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What to expect from your Physical Therapy Initial Evaluation?

Confidentiality 

All interactions between the therapist and client are completely confidential. Informed consent is required prior to initial assessment. Written and verbal consent is also required before the therapist can share any information with your medical doctor, specialist or other health professional.

It is importance to note that we thoroughly believe in the power of a team and strongly suggest collaborating with other providers.

Compassion

Chronic pain is a nuisance and we understand that. Likely, you’ve seen a plethora of providers without relief. We understand that and we empathize with that too. With that in mind, we rely on the biopsychosocial model to understand your condition. We take into consideration all the different facets that may be influencing your experience.

Medical History

A thorough understanding of the current problem and all previous health issues is very important. You will complete our  digital intake forms prior to your initial assessment so that your therapist can gain an understanding of  all the issues that might be affecting you.

Our initial conversation revolves around your past medical history and previous interventions, aiming to understand what worked and what did not. We also discuss lifestyle, diet, recreational activities, hobbies and work life in order to identify aggravating and/or alleviating factors.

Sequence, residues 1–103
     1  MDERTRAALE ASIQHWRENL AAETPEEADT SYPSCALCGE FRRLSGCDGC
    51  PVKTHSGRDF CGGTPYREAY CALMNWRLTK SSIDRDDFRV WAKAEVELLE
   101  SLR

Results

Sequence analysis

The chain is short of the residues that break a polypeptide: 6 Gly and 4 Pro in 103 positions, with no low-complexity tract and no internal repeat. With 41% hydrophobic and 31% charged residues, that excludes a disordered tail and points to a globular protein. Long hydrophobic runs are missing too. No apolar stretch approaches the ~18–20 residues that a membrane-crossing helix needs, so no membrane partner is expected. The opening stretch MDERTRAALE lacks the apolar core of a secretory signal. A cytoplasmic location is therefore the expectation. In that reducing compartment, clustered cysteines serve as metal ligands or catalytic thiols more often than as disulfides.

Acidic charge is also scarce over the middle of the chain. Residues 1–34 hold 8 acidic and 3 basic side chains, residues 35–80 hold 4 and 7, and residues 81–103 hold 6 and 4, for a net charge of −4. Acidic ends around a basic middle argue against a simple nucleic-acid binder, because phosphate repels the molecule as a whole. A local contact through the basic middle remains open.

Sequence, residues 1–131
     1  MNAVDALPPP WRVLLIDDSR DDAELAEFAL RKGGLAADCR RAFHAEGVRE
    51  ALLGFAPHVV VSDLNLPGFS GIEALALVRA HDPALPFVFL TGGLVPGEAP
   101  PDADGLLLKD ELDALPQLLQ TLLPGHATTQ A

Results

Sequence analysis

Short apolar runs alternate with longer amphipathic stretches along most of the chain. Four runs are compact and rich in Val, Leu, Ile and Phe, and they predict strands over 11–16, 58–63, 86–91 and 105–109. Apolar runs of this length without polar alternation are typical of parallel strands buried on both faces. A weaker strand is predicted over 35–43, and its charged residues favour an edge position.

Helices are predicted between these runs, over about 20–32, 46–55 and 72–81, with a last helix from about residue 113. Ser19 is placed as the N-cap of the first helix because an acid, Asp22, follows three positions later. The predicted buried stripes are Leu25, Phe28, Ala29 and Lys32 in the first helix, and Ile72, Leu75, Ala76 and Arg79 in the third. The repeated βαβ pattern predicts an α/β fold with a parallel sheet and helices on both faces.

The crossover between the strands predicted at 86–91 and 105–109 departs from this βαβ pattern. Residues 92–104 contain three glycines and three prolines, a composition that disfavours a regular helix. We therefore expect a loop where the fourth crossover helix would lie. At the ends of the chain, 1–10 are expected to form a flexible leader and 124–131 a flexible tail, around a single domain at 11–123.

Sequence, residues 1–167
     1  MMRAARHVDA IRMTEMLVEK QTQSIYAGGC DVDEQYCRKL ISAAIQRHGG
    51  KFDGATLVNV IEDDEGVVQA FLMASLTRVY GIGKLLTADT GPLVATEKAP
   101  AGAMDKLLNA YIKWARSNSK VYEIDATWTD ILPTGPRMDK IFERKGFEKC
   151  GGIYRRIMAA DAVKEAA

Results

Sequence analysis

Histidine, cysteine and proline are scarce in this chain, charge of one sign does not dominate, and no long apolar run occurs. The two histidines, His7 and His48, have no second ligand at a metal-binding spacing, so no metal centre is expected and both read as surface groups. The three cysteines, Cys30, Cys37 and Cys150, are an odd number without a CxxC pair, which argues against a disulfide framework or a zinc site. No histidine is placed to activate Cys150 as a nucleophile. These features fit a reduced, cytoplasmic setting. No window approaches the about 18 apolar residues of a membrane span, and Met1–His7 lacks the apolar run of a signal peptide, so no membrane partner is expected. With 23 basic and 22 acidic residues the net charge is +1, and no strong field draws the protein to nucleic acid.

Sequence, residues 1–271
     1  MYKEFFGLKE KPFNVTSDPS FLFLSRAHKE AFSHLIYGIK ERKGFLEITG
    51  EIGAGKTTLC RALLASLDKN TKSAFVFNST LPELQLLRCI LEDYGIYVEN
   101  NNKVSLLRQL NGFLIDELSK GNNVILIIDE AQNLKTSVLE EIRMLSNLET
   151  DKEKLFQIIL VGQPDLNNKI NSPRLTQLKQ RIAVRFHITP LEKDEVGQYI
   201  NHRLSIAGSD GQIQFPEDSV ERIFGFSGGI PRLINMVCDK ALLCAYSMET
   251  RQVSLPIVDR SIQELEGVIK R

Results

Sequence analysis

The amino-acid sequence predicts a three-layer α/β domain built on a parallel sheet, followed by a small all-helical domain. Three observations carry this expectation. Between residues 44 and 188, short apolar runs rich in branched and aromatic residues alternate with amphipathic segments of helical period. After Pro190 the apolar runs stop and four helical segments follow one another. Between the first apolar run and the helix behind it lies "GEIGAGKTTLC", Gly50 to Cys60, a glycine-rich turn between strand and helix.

Orthopedic Assessment

Our physical therapist have orthopedic backgrounds with speciality interest in pain science. With that in mind, a postural screen, spinal movement analysis, gait analysis, pelvic girdle and lower extremity motion and strength testing is part of the assessment.

Breath Assessment

The diaphragm serves a very important role in the regulation of our sympathetic nervous system, or your “fight or flight.” When pain is present for extended periods of time we often see increases in the sympathetic tone.

Analyzing your breathing pattern and breath awareness is important because the diaphragm, core and pelvic floor work together. Many people suffer from poor breathing mechanics but more importantly, many people hold their breath. Breath holding profoundly affects the function of the pelvic floor and sympathetic nervous system.

Myofascial Tension

Your therapist will examine your abdominal wall and all the muscles externally for excessive tension.

Strength Testing

Coordination, endurance and fatigue-ability of the muscles will also be tested.

Summary & Explanation

At the end of the assessment the findings, issues and goals are summarized and explained. You will leave the appointment with specific education, exercises and strategies to help you manage your individual problem and issues.

Anchor wellness Helps treat chronic pain through physical therapy